Hearing loss is a common challenge for older individuals, but does it warrant quitting driving? The response isn’t clear-cut, as driving habits differ among individuals.
Even if some adjustments have to be made to the radio volume, hearing loss shouldn’t mean a seasoned driver needs to stop driving.
Whether hearing loss presents a risk while driving is an important consideration for individuals planning daily commutes or winter road trips. Is your driving becoming dangerous because of hearing loss?
Think beyond driving…
Early stage hearing loss likely won’t negatively impact your driving, but if it’s neglected, driving will become increasingly unsafe.
Johns Hopkins Medicine has found there is a distinct link between hearing and brain health. The brain has to work overtime struggling to hear, which causes it to have fewer resources for other daily activities. It is a contributing factor to brain atrophy, which leads to dementia. Driving is definitely off the table for someone who has dementia.
Should you drive with hearing loss?
Driving requires good observational skills and some of that is auditory, but that doesn’t mean you can’t drive with hearing loss. Among the approximately 48 million Americans who have hearing loss, the majority of them still drive as reported by the Center for Hearing Communication.
Driving with hearing loss
With a few adjustments, you can still remain safe on the road. Here are some tips.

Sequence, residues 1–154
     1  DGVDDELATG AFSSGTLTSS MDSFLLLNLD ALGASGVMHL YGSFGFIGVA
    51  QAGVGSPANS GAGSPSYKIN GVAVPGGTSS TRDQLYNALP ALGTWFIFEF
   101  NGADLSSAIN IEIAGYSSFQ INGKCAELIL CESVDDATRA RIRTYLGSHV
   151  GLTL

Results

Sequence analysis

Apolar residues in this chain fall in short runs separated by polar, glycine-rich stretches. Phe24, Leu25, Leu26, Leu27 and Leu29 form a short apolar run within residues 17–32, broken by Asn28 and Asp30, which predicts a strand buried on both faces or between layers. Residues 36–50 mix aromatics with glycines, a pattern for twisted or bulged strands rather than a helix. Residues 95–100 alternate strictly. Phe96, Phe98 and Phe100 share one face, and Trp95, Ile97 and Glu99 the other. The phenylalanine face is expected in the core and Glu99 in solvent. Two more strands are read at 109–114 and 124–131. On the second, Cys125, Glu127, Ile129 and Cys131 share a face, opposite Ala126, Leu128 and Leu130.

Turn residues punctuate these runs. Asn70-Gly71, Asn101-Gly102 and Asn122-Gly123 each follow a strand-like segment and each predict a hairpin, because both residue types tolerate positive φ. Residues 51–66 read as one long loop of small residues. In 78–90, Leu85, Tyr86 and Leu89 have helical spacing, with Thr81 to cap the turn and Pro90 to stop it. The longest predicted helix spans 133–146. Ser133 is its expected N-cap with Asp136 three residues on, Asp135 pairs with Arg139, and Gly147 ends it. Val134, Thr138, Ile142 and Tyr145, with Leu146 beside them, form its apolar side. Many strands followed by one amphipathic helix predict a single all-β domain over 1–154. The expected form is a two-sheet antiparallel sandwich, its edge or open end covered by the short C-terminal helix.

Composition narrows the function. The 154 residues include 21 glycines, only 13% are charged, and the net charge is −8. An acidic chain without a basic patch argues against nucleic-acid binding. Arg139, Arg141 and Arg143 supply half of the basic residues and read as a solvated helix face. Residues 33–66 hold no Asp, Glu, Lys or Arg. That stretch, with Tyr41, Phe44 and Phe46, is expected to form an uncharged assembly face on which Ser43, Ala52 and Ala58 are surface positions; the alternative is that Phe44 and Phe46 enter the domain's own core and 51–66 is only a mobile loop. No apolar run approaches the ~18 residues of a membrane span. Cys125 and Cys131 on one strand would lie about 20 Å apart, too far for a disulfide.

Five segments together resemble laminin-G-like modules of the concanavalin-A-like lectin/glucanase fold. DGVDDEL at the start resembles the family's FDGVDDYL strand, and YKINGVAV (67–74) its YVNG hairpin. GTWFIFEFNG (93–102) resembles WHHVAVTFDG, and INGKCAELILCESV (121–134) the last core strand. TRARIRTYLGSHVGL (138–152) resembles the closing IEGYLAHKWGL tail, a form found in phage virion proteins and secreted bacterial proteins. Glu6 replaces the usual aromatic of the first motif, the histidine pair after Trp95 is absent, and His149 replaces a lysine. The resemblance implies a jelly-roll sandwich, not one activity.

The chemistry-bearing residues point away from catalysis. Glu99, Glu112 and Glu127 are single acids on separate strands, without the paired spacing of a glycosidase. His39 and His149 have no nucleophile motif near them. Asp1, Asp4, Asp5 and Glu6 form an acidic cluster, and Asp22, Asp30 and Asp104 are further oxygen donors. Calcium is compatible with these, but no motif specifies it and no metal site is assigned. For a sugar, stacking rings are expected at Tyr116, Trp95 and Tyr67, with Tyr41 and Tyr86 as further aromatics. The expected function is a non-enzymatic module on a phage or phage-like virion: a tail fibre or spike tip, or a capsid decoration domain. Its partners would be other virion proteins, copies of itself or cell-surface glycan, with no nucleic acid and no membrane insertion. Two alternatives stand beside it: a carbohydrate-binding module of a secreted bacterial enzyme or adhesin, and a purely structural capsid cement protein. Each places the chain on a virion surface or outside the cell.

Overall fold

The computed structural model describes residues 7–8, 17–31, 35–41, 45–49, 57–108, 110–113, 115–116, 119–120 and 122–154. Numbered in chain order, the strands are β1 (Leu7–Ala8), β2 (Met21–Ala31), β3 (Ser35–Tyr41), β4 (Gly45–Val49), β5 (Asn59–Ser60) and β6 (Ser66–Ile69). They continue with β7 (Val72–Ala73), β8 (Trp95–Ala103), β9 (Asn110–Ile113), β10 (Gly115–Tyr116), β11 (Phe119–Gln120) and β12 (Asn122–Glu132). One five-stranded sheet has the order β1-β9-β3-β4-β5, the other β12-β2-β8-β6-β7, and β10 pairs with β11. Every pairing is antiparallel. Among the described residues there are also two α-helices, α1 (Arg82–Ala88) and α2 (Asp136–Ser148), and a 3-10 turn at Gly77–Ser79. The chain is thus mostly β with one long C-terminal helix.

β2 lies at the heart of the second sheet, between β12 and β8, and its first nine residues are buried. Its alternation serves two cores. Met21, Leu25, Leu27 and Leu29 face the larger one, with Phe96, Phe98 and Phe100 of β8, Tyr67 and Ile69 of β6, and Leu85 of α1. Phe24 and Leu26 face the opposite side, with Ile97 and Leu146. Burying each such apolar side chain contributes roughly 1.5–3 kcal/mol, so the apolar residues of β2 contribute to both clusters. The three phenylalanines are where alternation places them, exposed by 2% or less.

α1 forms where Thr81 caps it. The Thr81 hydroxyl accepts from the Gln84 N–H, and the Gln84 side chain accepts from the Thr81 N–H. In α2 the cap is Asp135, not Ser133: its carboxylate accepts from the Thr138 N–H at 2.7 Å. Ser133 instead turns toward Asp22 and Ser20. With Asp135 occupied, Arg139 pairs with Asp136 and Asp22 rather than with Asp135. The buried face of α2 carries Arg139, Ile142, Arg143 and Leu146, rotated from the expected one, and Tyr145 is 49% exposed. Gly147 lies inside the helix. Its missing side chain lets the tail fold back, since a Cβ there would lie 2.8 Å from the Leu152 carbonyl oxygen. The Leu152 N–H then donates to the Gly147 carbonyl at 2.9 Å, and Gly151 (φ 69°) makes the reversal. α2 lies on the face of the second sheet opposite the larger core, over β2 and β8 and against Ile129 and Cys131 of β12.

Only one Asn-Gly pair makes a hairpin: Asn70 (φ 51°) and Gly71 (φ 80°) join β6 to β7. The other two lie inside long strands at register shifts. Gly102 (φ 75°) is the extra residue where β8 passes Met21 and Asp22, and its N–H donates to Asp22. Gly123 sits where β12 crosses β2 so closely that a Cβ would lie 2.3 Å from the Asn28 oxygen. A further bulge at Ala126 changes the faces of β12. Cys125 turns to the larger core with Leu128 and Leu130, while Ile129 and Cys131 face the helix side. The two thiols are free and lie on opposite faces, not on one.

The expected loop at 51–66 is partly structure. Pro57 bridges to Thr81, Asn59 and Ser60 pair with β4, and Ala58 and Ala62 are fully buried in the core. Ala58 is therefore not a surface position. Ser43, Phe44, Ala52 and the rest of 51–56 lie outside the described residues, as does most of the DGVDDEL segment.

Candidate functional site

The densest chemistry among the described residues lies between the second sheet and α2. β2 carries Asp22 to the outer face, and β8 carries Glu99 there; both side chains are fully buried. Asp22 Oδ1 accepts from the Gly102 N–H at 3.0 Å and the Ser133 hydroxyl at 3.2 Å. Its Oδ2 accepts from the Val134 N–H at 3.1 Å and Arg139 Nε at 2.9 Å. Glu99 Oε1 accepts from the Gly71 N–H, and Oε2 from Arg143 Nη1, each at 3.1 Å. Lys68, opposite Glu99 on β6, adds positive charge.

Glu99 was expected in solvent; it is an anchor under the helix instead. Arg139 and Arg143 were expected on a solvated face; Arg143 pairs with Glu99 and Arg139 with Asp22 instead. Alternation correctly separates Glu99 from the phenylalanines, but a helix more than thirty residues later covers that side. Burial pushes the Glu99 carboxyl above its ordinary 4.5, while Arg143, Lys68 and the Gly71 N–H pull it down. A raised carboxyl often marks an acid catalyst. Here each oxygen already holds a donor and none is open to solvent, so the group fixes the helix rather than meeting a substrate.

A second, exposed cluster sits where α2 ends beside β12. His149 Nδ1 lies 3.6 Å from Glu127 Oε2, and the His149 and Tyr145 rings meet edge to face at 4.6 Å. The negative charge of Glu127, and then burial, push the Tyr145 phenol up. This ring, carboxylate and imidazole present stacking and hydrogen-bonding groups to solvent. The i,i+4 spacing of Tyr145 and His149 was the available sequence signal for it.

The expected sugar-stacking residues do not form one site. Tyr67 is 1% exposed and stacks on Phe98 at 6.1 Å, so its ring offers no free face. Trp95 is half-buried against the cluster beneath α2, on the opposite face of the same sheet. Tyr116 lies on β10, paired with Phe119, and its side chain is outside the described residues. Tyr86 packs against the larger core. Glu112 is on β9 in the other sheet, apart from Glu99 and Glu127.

Visit us, have your hearing tested, and think about how hearing aids can help things for you. The question of whether you should be driving can be eliminated by using hearing aids.
When you drive, be more aware
Even with hearing aids, you will still need to be a more observant driver to ensure you aren’t missing anything in or surrounding your vehicle.
Keep the noise down inside your car
This will help you be less distracted. Turn the radio off or down and ask your passengers to keep the chatter to a minimum.
Remember to check your dashboard frequently
It’s the little things that will mount up when you drive with hearing loss. For instance, you will no longer hear that clicking sound that tells you that your turn signal is on. You will have to depend on your eyes to pick up the slack, so get used to scanning your dashboard to see what your car is trying to tell you.
Make maintenance a priority
Perhaps your car is making a strange noise in the engine but you can’t hear it. Have your car serviced regularly so you can prevent this significant safety risk. For people with hearing loss, this is crucial, even more so than it would be for someone who doesn’t have hearing loss.
Pay attention to other vehicles around you
This is a no-brainer for everybody but if you have hearing loss it’s even more poignant. If you see other cars pulling to the side of the road, you should do that too because you might have missed the sirens. Use the behavior of other drivers to get some visual clues about traffic patterns around you.
Can you drive with hearing loss? It’s really a personal decision. Your other senses will typically adjust to help keep you safe, which means it is feasible to drive safely even if your hearing has started to go. But if you’re feeling concerned about it, make an appointment to come see if we can help you improve your situation, possibly by using hearing aids.
Come in and let us help you better your quality of life by exploring the hearing options that will be suited to your unique hearing situation.